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Early in my teaching career, a parent responded negatively to , Johnny Got His Gun, by Dalton Trumbo, a WWI novel read by my class.

While I own that not all of my teaching strategies with this book were spectacular, I learned a great deal from this process about how to teach the book differently and alleviate the concerns that were raised. I knew I had room for growth. Unfortunately, neither the student nor the mother ever read the whole book, which meant that there was no opportunity for shared reflection and change.

I am now in my tenth year of teaching and I have learned that books like Johnny get challenged all the time. Books like Beloved, The Kite Runner, Native Son, Speak, Chronicle of a Death Foretold and countless others have sparked debates in my building and other high schools similar to mine. Even our excerpted readings from The Bible in our classical studies classes have been questioned.

As I have heard the grumblings on all sides of the rumor mill about book challenges, I am left with questions: Where is the balance? How can I as a teacher ensure that I am providing students with a rigorous, compelling curriculum that is also acceptable to a diverse community?

The Common Core State Standards require texts with higher complexity for language arts classrooms. We are being asked to help students learn how to analyze and apply information in a variety of ways. As we select books of appropriate difficulty that are both engaging and applicable, we will be reading fiction with mature themes, which often also include controversial scenes.

When I teach Johnny, I ask the students to consider the perspective of the author—a man who lived through two world wars and questioned what is worth fighting for. I want my students to think about those things because someday they may be called upon to answer similar questions themselves. Growing up is a challenging thing to do—it is our job as educators to provide opportunities for students to learn ways to navigate this process.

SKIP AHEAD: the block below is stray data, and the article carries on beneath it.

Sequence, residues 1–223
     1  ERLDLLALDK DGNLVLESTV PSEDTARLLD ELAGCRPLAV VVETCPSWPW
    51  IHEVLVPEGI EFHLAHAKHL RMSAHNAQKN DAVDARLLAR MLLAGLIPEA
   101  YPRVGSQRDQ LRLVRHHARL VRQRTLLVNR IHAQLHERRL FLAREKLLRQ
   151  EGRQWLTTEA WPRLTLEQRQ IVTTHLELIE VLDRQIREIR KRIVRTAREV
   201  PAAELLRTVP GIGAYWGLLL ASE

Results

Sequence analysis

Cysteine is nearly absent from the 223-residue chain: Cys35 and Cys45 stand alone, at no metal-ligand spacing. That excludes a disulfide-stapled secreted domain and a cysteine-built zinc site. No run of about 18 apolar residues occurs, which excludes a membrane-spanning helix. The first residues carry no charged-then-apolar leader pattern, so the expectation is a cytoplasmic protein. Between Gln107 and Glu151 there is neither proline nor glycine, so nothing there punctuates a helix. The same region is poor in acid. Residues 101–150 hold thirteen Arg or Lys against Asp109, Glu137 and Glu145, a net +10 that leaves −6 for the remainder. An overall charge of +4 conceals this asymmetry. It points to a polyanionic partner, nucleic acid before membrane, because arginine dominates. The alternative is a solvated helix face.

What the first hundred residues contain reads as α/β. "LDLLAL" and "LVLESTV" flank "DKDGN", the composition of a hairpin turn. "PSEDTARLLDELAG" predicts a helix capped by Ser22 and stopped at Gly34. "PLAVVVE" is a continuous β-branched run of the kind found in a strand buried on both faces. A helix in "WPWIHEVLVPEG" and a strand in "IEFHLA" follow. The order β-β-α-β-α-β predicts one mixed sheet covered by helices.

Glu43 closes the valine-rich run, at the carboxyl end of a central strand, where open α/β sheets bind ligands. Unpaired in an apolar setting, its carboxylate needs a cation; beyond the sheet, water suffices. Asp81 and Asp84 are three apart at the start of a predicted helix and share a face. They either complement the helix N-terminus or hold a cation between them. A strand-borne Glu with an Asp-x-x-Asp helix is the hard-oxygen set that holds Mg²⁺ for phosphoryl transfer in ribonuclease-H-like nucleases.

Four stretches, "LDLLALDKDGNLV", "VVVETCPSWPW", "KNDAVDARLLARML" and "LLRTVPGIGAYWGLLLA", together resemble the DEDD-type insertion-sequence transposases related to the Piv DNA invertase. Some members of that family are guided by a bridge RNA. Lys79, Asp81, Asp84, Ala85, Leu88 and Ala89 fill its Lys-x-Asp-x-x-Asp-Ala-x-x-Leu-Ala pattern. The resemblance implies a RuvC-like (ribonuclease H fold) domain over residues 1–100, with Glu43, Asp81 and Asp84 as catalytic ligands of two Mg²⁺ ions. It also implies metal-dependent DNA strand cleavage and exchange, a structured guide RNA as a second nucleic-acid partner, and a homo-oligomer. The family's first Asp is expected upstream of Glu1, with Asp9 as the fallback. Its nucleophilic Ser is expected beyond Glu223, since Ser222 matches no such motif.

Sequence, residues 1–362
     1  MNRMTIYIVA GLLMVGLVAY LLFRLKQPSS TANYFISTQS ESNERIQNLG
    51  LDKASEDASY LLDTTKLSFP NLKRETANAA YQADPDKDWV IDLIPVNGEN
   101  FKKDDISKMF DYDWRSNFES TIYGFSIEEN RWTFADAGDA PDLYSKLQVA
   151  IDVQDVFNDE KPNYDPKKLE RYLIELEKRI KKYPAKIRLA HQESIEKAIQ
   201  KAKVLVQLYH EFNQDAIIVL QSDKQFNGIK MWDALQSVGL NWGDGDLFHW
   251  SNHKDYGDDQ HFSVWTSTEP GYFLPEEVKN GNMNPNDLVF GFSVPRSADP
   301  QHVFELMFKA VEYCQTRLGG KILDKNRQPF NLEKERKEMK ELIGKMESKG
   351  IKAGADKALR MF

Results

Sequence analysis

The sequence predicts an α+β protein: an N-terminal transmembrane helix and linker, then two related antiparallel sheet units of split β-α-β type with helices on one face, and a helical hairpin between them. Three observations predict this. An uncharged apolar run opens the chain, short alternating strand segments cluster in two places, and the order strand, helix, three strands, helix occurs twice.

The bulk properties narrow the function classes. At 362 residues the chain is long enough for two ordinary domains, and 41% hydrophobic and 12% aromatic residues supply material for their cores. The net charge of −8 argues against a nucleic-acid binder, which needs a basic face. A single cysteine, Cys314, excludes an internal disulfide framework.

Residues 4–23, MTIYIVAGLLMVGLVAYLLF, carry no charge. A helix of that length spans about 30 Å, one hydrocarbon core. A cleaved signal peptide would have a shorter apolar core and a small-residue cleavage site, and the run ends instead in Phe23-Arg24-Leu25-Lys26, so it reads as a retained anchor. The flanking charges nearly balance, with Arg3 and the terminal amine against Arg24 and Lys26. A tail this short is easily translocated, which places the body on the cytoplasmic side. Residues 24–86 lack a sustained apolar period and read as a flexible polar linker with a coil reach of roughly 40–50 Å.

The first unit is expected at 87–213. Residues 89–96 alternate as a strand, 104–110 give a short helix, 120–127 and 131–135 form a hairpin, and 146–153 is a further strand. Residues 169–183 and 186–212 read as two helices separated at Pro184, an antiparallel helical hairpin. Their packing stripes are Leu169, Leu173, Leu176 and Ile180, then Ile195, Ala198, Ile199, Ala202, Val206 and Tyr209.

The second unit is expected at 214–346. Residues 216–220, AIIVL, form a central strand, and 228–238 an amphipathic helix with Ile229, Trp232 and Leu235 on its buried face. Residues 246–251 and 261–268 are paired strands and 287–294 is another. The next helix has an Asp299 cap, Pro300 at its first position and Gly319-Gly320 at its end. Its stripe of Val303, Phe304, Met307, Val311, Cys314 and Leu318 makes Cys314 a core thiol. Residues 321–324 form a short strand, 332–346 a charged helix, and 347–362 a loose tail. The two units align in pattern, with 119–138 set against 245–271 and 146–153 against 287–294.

To me this makes the question of balance seem miniscule compared to the question of value. What is the value of teaching literature in the high school classroom? And can we afford not to?

The truth is that I can’t be both parent and teacher to my students and that isn’t my desire. My students desperately need their parents to engage with their educational experiences.  Students need to be able to consider the difficult themes and dialogues that begin in the classroom, discussing these ideas with their families through the lens and filters of the home. It is important to teach students values and it is inappropriate for me to teach them mine. My job is to offer a rich assortment of texts and ideas to interact with so that students can decide what they will believe and how they will act when they are no longer in my classroom. Additionally, I am teaching them analytical and critical thinking skills so that they can make and support their own decisions and beliefs.

I wish I had asked the parent who challenged Johnny to read the entire book so we could have an authentic conversation about the text as a whole. I know I could have learned something from her perspective and I hope she could have learned something from mine. Most importantly, though, her daughter would have learned much more by observing our interactions than any classroom novel could ever teach. By watching her teacher and parent work in partnership, we could have created a model for her to mimic in future interactions with others.

That missed opportunity is not one I will soon forget. I will continue to put challenging books and ideas into the hands of my students; I will also work to continue to forge partnerships with their parents as we all seek what’s best for each student’s future.

The potential for shared reflection, growth and learning will always be a reality in my classroom. And I hope I will always have willing partners to take advantage of those realities.

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